But the law should not accord deference to lawyers. Lawyers are charged by the adversary system with making arguments for clients, not to determine the law and facts. Put another way, contrary to the understanding of judges who defer to class-action lawyers and worry about second-guessing those lawyers’ settlement recommendations, it is exactly the role of a court to substitute its judgment for the judgments of lawyers. That’s what courts do! And that should be all the more true in the class settlement context because there, as I’ve noted, some lawyers, unless properly policed, may strike a deal that benefits them at the class members’ expense.
I’m not anti-class action. I favor their vigorous use. Class actions are often enormously useful tools for justice, and, for decades, they have compensated discrimination victims, reformed oppressive governmental institutions, and deterred a wide array of wrongful business conduct where individuals, acting alone, would not have had the means or adequate incentive to sue on their own.43
But class actions can be abused, souring the public, politicians, and even judges, and jeopardizing the prospect of justice. The trick is to come up with standards for processing class actions—particularly class-action settlements—that help promote class actions while curbing their misuse.44 One small step in that direction is to assure that courts never defer to the views, reputation, or experience of settling counsel in determining whether a class-action settlement is fair and lawful.
* Visiting Professor and Co-Director, Institute of Public Representation, Georgetown University Law Center; formerly staff lawyer (1990–2004) and director (2004–2009), Public Citizen Litigation Group; co-coordinator, Consumer Law & Policy Blog, http://www.clpblog.org. As relevant here, Mr. Wolfman frequently is counsel for objectors to class-action settlements. See, e.g., Devlin v. Scardelletti, 536 U.S. 1 (2002); Amchem Prods., Inc. v. Windsor, 521 U.S. 591 (1997); Hecht v. United Collection Bureau, 691 F.3d 218 (2d Cir. 2012); Klier v. Elf Atochem, 658 F.3d 468 (5th Cir. 2011); In re Cmty. Bank of N. Va., 418 F.3d 277 (3d Cir. 2005); In re Orthopedic Bone Screw Prods. Liab. Litig., 246 F.3d 315 (3d Cir. 2001); In re General Motors Corp. Pick-up Truck Fuel Tank Prods. Liab. Litig., 55 F.3d 768 (3d Cir. 1995).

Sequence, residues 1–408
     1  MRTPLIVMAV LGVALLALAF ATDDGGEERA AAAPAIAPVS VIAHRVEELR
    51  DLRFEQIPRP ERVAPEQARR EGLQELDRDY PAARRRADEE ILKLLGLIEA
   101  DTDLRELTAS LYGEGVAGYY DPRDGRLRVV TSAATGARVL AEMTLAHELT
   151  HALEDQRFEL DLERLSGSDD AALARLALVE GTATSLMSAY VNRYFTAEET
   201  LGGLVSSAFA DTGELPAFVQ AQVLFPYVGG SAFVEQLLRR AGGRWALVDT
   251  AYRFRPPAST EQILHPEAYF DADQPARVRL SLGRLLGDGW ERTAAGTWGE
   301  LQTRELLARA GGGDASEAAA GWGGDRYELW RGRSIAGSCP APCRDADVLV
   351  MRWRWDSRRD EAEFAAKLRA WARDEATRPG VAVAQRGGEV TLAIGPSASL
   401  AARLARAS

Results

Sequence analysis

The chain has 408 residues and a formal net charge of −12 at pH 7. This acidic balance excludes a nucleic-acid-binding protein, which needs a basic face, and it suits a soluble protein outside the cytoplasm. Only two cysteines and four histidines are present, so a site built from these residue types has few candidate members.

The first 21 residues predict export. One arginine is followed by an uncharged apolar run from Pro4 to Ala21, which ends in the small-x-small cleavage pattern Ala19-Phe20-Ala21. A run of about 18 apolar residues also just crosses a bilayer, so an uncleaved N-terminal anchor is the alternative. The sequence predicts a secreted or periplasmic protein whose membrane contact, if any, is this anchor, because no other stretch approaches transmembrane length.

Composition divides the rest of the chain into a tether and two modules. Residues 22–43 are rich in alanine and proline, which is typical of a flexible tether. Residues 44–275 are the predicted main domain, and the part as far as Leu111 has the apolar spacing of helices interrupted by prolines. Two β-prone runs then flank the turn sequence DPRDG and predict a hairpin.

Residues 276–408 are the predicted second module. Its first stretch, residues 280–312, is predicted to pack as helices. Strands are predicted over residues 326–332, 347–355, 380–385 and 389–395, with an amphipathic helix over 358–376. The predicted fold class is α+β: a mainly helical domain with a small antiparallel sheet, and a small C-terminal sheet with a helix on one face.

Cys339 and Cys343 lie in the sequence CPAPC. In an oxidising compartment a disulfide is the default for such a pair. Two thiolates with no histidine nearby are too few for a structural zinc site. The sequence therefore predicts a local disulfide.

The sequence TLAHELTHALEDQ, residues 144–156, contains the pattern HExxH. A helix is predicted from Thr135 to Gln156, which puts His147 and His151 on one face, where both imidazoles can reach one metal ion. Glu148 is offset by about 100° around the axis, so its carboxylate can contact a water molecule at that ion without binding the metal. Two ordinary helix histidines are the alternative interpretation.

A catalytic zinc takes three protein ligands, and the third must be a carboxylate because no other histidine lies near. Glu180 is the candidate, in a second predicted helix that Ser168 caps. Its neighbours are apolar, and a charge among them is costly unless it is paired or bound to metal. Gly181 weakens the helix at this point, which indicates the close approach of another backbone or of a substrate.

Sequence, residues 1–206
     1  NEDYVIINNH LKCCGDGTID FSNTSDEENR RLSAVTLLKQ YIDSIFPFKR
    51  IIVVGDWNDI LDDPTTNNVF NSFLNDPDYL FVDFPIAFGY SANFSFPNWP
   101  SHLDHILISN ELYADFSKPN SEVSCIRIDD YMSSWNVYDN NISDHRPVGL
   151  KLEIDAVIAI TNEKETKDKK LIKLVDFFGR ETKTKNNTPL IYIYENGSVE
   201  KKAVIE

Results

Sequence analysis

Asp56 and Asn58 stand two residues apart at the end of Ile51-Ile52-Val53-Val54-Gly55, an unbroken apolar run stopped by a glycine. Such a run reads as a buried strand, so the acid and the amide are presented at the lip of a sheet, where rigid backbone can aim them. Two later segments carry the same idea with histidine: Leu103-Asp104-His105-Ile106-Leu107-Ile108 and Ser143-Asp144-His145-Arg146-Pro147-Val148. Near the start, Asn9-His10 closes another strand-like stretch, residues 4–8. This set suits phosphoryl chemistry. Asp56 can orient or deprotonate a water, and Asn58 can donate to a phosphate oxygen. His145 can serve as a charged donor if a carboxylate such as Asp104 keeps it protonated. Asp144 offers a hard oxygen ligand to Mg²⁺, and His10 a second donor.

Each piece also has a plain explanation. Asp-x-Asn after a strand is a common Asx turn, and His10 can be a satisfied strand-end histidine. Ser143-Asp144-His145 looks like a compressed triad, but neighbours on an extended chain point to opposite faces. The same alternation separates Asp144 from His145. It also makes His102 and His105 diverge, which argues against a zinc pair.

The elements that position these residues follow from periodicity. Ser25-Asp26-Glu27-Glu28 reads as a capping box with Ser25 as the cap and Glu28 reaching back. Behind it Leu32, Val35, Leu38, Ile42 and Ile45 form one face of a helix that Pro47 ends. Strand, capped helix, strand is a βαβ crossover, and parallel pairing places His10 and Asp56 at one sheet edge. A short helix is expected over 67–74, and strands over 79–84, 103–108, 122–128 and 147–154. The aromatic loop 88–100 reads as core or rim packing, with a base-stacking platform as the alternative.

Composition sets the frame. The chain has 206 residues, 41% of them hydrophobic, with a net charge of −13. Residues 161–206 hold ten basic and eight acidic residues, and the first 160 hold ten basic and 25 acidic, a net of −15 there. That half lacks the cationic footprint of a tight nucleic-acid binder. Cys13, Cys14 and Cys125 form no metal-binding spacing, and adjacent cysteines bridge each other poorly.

- 15 U.S.C. §§ 1679-1679l. ↩
- Fed. R. Civ. P. 23(e)(2). ↩
- Order [approving class-action settlement] at 16 in Miranda L. Day v. Persels & Associates, LLC, No. 8:10-cv-2463-T-TGW (Mar. 12, 2010) (Doc. 157) (hereinafter “Order”). ↩
- Id. at 22. ↩
- Id. at 31–32 (emphasis added). ↩
- Id. at 15 (quoting Canupp v. Liberty Behavorial Healthcare Corp., 447 Fed. Appx. 976, 978 (11th Cir. 2011)); see also id. at 32 (quoting Canupp, 447 Fed. Appx. at 977–78 (“In considering the [class-action] settlement, the court is entitled to rely on the judgment of experienced counsel for the parties.”).↩